Determining the valuation of your startup before presenting to investors can provide you (the founder) with a better understanding of how much your startup is worth. Plus, it will allow you to pinpoint how investor negotiations should be handled. Although growth and traction might be challenging for early startups, a valuation can still be done. Here are some pointers on determining your startup’s valuation:
Determine Your Revenue
Revenue is king of startup valuation. Therefore, you should know how much money your startup has generated. However, it might be difficult to asses monetary growth early in the game, or your monetary assessment might not be up to par with venture capital (VC) standards and expectations. To prove the valuation and potential growth of your startup, you could include things like monthly views, weekly revenue instead of annual income, or positive reviews from a set number of customers. Using alternative yet legit revenue predictors can show VCs your valuation is promising.
Use the Berkus Method
Try your hand at using the Berkus Method when determining the valuation of your startup. Developed by a super angel investor — Dave Berkus — the Berkus method is designed for startups in the early stage of valuation. The method evaluates five key business model components and their risk. A set amount of money is added to the startup’s valuation, depending on the absence of risk in each category.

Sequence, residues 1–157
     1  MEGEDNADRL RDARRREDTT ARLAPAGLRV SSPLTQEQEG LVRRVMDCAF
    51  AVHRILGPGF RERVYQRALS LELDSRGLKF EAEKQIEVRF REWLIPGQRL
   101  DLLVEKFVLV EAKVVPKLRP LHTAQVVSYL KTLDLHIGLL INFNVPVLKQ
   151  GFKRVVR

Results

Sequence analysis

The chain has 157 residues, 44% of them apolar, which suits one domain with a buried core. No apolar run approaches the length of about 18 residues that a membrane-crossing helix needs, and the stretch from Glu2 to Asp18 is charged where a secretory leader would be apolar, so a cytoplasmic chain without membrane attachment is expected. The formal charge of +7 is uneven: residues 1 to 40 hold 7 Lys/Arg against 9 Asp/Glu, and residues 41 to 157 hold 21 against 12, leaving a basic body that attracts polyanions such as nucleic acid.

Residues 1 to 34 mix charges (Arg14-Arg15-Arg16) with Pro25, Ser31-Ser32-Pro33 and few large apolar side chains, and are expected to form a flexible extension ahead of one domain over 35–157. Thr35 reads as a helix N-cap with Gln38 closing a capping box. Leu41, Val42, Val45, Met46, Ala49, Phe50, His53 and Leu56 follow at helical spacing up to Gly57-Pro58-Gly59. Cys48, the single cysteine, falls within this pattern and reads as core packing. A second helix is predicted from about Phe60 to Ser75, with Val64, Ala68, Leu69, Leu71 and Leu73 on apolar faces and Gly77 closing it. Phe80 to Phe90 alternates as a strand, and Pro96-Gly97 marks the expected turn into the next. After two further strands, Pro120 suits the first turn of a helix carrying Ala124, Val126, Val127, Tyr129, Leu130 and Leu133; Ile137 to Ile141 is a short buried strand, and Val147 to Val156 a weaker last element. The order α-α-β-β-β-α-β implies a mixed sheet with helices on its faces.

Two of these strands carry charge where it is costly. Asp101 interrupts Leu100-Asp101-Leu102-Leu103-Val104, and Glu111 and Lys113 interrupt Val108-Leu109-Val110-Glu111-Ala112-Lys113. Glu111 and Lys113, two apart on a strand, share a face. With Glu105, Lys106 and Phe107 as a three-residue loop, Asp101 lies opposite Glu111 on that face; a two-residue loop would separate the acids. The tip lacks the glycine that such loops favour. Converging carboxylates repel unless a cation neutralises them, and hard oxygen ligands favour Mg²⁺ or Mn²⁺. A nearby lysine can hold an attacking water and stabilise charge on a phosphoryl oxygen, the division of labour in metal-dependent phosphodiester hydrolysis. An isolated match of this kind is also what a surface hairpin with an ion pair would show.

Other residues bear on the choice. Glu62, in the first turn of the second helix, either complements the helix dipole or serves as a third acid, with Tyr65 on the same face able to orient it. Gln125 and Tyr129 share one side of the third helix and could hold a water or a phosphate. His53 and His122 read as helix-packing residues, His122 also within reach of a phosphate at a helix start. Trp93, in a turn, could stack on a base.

Include the Strength of Your Team and Innovation
Determining your startup’s valuation isn’t always a numbers game. Forbes breaks down the importance of the VC vetting process and how team management questions are likely to be asked. Include the strength of your team, and consider it an asset to VCs and investors. For example, if you or a cofounder is a proven expert in your startup’s industry, this can add to the potential success that might make VCs or investors feel more confident and raise the valuation of your startup. Also, include your track record as a founder. If you are a successful serial entrepreneur, calculate this into your valuation. A proven track record can signal an increase in your startup’s worth.
Size up the Market
A bit of research, in regards to competition and overall market standings, can behoove your valuation. In a Failory study of 100 startups, five percent failed due to bad market fit. However, if your startup fills a void in the market, your predicted valuation can be increased. Looking into your market industry can also give you a personal perspective on the success of your startup. If when researching the market, and similar companies didn’t pan out, it could be a sign to revamp or make adjustments to your original idea.
Be Honest About the Risk
When setting out to put a valuation number on your startup, being honest with yourself and your team can prevent any future pitfalls. One way to get a true picture of the risks in your startup is to use The Risk Factor Summation Method, which assesses 12 risk topics. This method takes a deeper dive into investigating startup risks that might blindside founders such as litigation, technology, reputation, and legislative risk.